FROM tea lights to iPhone cases, there's little this 3D printer can't make.

The machine is being trialled at Holy Spirit College before it becomes a permanent part of the graphics curriculum at the school next year.

Holy Spirit College systems administrator Julie Ward said she had been enjoying making a range of items during the trial and error process on the machine they recently purchased.

"I made an intricate egg, which took eight hours to make," she said.

"You can see inside the plastic is quite thick.

Brooke Adams, graphics teacher Peter Mallet, Jordan Franks and Cody Mallet with the 3D printer at Holy Spirit College.
Brooke Adams, graphics teacher Peter Mallet, Jordan Franks and Cody Mallet with the 3D printer at Holy Spirit College. Michaela Harlow

Ms Ward said the process was quite simple.

"What they do is through AutoCAD they create their 3D model," she said.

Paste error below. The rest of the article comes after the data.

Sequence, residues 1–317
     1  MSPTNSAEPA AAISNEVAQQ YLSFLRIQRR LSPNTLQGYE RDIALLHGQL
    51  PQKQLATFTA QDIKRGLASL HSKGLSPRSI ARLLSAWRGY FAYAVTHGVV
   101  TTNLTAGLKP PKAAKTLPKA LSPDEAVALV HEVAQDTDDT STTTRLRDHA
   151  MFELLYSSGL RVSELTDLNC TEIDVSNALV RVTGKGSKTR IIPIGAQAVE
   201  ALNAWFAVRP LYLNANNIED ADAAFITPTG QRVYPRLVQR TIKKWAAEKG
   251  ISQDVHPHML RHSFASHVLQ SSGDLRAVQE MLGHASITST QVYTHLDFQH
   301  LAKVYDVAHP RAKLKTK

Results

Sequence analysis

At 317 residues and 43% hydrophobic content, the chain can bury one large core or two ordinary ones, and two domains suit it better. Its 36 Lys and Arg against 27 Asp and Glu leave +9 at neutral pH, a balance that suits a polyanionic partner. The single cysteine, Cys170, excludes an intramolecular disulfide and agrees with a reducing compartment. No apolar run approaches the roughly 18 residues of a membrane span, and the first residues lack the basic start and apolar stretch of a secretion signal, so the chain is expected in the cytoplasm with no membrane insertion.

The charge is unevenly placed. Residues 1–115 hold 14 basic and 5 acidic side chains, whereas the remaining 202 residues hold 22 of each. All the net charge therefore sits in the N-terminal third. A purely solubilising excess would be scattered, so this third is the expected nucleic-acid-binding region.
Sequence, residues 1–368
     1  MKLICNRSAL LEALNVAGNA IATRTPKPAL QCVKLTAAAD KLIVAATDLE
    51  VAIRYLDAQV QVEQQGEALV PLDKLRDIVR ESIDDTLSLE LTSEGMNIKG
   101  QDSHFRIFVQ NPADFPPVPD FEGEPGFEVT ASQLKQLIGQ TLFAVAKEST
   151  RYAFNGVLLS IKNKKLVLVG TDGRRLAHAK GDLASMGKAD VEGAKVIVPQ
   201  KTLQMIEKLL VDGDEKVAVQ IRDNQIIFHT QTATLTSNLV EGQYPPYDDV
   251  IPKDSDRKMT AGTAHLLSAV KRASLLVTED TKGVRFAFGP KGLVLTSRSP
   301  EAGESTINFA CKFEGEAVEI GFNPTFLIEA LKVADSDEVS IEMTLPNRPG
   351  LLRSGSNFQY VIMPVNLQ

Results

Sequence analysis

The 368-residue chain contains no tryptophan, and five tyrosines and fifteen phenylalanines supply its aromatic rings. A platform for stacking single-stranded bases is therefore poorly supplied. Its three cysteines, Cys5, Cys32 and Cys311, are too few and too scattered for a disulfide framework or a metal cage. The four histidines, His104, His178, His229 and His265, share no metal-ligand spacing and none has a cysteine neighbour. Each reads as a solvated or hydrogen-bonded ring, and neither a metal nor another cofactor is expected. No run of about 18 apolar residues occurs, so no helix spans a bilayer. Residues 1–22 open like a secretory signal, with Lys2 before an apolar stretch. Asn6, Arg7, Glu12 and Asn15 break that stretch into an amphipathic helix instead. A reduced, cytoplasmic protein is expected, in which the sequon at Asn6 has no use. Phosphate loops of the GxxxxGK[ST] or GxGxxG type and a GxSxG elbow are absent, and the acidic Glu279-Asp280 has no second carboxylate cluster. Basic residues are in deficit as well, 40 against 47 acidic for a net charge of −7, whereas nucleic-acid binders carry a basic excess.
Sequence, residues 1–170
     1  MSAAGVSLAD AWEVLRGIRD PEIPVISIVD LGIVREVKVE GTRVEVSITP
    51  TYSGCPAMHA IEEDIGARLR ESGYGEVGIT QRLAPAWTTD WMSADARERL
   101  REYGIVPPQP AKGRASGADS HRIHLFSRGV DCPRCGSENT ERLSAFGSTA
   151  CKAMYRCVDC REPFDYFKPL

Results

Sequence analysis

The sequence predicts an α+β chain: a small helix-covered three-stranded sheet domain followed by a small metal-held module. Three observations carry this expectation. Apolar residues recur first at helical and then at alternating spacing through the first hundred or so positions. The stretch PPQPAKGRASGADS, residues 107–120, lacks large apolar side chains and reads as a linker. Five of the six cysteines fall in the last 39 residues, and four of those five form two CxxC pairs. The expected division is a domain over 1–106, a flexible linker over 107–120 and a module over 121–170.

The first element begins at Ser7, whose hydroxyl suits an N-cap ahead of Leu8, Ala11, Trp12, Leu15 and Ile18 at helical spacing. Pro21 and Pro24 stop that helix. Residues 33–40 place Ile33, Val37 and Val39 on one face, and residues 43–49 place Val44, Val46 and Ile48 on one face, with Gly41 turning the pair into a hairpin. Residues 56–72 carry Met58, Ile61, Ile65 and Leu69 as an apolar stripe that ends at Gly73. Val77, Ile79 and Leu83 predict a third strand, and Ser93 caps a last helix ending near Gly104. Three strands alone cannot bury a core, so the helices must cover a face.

"Then they export it to what's called a STL and then we print it.

"The program is smart enough as it builds the entire framework."

The school currently has two machines.

"I'm very impressed with it and the affordability of it - it's so cheap," Ms Ward said.

"I ordered a pink role of plastic too.

"You can get ones that are transparent and can change colours as it's a heating process."

Graphics teacher Peter Mallett said a few classes would be able to use the machine.

"Technology design could use it too," Mr Mallett said. "You can design something and use it, like phone cases."

Year 11 and 12 students are expected to use the machine next year as a part of their studies at the school.



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